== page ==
Police Seize Two Tonnes Of Cocaine Hidden In Banana Boxes

Spanish National Police have seized two tonnes of cocaine worth more than 180 millon Euros in banana shipments in a coordinated operation with the Columbian authorities.

Eight people were arrested in the operation to shut down a huge drugs pipeline from Colombia to Europe.

One load – containing 1.3 tonnes (2,866 lbs) of cocaine – was seized by Colombia’s Anti-Narcotics Directorate in the port of Cartagena on 4th March.

Another raid saw 650 kilogrammes (1,433 lbs) of the drug with 90 per cent purity seized in Vigo, Galicia, on 25th April, one of Spain’s busiest ports.

Spanish officials said that in both cases the drug was hidden inside two pallets of bananas.

A Spanish National police video shows heavily armed officers battering their way into one home and handcuffing suspects.

Later in the footage police can be seen searching banana boxes and pulling out packages of cocaine hidden under the fruit.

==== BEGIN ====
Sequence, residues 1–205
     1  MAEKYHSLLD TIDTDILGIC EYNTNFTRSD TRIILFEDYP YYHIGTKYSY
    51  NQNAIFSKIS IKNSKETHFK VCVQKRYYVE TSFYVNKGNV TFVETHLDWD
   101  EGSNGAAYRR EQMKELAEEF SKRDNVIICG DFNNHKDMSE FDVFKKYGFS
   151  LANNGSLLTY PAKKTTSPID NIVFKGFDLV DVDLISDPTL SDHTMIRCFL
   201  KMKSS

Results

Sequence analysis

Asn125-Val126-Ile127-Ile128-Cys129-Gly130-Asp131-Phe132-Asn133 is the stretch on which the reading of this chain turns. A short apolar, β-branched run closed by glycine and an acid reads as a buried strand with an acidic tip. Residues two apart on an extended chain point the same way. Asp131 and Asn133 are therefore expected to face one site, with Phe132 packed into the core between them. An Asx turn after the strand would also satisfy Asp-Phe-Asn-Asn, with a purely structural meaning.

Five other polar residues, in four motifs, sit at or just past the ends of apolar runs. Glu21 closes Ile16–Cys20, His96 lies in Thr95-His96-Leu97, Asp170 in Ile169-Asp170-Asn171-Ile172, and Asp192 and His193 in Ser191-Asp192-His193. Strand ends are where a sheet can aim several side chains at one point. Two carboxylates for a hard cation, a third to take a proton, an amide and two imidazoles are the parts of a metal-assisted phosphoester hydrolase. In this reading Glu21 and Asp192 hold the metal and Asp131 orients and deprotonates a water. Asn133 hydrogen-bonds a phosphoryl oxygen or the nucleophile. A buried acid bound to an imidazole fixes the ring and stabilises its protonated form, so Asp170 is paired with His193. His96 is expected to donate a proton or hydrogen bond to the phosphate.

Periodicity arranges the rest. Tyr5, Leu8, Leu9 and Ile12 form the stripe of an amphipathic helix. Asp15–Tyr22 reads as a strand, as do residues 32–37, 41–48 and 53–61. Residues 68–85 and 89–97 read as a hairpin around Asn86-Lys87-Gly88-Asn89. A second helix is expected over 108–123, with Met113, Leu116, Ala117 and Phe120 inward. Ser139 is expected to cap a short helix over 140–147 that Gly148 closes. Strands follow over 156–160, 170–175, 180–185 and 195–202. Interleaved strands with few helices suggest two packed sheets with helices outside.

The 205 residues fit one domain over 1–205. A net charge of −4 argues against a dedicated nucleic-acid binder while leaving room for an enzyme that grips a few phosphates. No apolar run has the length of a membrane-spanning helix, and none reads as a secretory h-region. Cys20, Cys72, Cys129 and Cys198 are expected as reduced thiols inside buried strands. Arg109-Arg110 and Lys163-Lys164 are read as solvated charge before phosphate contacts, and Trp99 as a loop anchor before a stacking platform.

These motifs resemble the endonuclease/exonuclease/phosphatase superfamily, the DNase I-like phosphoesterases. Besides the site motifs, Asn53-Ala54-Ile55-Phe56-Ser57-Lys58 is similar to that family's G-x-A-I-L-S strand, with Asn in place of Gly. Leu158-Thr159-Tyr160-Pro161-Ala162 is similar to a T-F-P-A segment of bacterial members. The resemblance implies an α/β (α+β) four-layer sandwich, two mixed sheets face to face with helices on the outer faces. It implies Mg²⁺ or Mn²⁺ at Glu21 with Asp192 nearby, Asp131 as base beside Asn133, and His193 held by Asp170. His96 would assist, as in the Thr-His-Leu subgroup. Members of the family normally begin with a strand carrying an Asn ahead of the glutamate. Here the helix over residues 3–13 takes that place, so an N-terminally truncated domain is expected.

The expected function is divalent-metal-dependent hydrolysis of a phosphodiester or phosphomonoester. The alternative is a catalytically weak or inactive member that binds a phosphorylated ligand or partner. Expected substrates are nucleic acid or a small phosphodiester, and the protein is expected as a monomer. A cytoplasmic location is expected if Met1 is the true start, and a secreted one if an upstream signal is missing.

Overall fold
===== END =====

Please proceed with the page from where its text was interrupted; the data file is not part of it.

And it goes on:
National Police and Spain’s Tax Agency began looking into the case last summer after a tip off identifying Vigo as a major trafficking hub.

A Tax Agency spokesperson said in a statement obtained by the Newsflash Agency: “The organisation is said to have been very active in the port of Algeciras, led by a historic drug trafficker who operated in the Campo de Gibraltar, and who was now trying to open up a new way of introducing narcotics through the north of the peninsula, taking advantage of the fresh fruit trade routes with South America.”

After strengthening controls, customs caught the drugs immediately when they arrived at Port of Vigo last month.

Eight suspects were seized, including four who had planned to supervise the shipment of some of the cocaine to holiday hotspots like the Coasta del Sol.

A further four were arrested in Malaga, where police also seized EUR 58,000 in cash.

Police said: “The customs authorities acting in the port of Vigo, intensifying controls with the aim of reaffirming the position of the Vigo area as a territory impermeable to criminal organisations, detected the people behind this organisation.

“From that moment on, led by the Anti-Drugs Prosecutor’s Office of the Audiencia Nacional, joint investigations were coordinated with the National Police with the aim of arresting those responsible.”